This past weekend I went back for a visit to the Kootenays. In Nelson on Saturday, I took my brother out for lunch.
Where do you want to go?
What do you want to want to eat?
And onion rings?
Jimmy is bowling this afternoon. I like watching him bowl. He knows when it’s his turn which may seem simple until one of his enthusiastic companions holding a bowling ball is leaping up and down in the way of Jimmy bowling his last ball.
My brother throws/rolls the ball like it’s a discus. It doesn’t matter if all three are gutter balls, or one pin falls, when he turns around his game face is a satisfied expression of getting the job done.
But today is too gorgeous to be inside a dim and noisy bowling alley. And I’ve got monkey mind. Thoughts are whirling; nothing too disturbing but it’s messing me up. I need to hit pause and catch my breath, organize myself. I drive with no destination until the end of Vernon Street. The road veers around a sharp rising mountain of rock, moss and trees, no sidewalk but a woman with a contented smile and partially closed eyes pushes a baby stroller up the hill. This is Nelson.
My first kiss was in the bushes up at Gyro Park. We sat on the bank with Nelson spread out below us. It was sloppy. I doubt the boy owned a tooth brush. Parking beside two vehicles I walk for a bit and find a solitary bench facing the yellow autumn sun. My back settles against the warm wood.
I’ve been reading about meditation. Meditation 15 Minutes To A Stress Free Life by Nathan Farrelly and The Zen Path Through Depression by Philip Martin. I sit and focus on the air filling my lungs, lifting my chest and then breathing out. It makes me yawn and stretch. Fall sunshine is soft against my closed eyes.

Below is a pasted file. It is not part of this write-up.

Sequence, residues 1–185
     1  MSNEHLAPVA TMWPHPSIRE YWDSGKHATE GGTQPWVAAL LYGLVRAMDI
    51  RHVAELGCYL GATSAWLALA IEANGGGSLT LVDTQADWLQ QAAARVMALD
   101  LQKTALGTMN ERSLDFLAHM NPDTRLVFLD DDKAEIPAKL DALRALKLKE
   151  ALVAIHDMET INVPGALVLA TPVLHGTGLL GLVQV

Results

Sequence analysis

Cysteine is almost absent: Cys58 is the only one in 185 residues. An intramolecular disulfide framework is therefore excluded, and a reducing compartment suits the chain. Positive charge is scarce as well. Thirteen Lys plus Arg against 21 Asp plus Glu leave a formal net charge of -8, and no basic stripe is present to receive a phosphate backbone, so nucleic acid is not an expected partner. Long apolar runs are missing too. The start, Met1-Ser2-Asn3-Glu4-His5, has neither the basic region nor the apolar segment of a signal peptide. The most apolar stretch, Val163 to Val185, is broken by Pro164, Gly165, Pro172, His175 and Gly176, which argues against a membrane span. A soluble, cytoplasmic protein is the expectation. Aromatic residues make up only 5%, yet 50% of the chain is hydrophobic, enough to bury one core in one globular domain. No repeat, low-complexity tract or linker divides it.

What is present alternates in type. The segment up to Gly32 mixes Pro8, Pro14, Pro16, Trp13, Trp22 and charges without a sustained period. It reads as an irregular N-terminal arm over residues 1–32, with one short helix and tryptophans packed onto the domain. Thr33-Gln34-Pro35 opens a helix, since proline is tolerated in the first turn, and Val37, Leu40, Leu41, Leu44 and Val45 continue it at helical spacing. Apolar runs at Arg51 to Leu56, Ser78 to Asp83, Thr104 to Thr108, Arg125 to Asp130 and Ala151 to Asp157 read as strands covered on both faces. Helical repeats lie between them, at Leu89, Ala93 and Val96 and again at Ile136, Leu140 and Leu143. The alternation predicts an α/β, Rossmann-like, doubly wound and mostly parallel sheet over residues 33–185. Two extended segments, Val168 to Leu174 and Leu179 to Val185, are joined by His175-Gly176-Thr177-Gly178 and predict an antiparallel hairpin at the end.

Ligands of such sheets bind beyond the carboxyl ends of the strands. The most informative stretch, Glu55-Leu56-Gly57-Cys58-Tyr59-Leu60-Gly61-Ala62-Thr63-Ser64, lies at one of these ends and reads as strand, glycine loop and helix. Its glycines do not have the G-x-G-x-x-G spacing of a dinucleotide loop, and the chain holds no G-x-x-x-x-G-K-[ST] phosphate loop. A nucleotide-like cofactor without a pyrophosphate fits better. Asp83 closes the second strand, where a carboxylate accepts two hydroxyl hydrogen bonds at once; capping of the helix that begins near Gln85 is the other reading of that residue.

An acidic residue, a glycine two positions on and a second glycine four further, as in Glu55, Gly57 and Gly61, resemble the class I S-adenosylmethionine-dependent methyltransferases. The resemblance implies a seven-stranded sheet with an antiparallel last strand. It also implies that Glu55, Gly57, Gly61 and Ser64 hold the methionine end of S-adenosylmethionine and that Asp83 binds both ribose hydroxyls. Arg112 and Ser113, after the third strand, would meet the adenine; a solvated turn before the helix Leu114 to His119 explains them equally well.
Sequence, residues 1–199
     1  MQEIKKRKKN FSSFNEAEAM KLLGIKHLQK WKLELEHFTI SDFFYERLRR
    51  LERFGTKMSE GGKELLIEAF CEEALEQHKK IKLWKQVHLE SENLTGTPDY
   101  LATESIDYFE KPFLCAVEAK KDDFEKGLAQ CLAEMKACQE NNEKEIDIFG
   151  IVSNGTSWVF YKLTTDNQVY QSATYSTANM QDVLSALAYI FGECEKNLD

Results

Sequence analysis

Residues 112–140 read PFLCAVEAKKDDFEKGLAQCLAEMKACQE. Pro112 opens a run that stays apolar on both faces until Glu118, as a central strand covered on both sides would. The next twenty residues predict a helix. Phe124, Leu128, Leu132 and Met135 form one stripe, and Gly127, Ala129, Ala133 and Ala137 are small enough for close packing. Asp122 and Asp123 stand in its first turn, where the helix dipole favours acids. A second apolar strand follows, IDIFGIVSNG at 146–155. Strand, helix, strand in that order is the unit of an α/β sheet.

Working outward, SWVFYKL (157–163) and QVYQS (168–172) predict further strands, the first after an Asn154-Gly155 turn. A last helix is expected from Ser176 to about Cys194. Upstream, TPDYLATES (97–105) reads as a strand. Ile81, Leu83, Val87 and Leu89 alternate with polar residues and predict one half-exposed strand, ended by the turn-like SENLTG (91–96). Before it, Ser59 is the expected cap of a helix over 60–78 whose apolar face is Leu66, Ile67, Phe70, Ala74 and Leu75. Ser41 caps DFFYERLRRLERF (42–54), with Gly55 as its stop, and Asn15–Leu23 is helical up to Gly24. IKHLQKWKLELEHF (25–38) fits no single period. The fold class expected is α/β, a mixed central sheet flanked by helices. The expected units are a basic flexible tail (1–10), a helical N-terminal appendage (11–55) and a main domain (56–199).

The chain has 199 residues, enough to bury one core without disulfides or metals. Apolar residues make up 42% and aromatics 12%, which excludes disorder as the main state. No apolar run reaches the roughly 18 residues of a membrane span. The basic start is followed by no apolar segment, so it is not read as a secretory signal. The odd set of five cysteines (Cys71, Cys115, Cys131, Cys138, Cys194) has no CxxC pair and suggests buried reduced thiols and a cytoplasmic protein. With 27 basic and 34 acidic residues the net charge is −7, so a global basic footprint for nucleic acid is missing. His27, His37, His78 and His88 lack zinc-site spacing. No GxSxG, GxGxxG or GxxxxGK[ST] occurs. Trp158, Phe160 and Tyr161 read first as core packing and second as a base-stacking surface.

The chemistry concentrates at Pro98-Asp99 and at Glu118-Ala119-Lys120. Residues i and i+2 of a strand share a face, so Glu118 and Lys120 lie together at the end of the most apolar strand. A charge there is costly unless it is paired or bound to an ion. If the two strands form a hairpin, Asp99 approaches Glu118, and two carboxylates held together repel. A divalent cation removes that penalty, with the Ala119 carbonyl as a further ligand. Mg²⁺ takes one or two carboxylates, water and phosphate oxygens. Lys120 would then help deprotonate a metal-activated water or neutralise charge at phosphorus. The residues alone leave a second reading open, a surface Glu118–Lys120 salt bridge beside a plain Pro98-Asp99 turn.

Thoughts form and slide by, like fish angling for my hook but a quote I’ve read helps: Thoughts will come but don’t invite them to stay for tea. So, I let them flow by, ignoring the urge to grab onto the merry go round and go for a spin. Nope. I’m going to sit here and let my head rest. And I do. For about 30 seconds.
I hear voices. Automatically my eyes open. An older couple, off to one side, their backs turned are discussing the plants and trees. They admire the varying shades of burnished orange and yellow foliage. In seconds I’m engrossed in one of my favorite pass-times of people watching. After Nicholas died I watched children with an intensity (Oh if wishes came true!) that Ian was unnerved by it and said a person might misconstrue the desperate and hungry look in my eyes.
See how my mind wanders?
I stand up, done with meditating. But I’m better. Really. That few seconds of putting on the brakes and resting my head worked. And it will come easier as I practice. Some of my best creative impulses come after one of these sessions. I absolutely know what I’m now doing. I begin to drive along the north shore beside the Kootenay Lake.
In 1970 my family lived in a trailer park on the lower six mile road. Dad planted a willow tree in our front yard. The trailer eventually melted and has been long gone. Last year I saw that the tree is also gone. My sister and I would swing from its long ropey branches. It hurt more to see the tree gone than the trailer. Who cuts down a tree?
I was nine years old and for seven years rode my bicycle along our north shore back road over the bridges covering the two creeks and to the beach to play in the sand and swim in the icy Kootenay Lake. It’s been 30 plus years since I went to the beach, but my hands turn the wheels onto the leaf covered dirt road, past an entrance that isn’t marked. Thank God because this beach is a secret gem.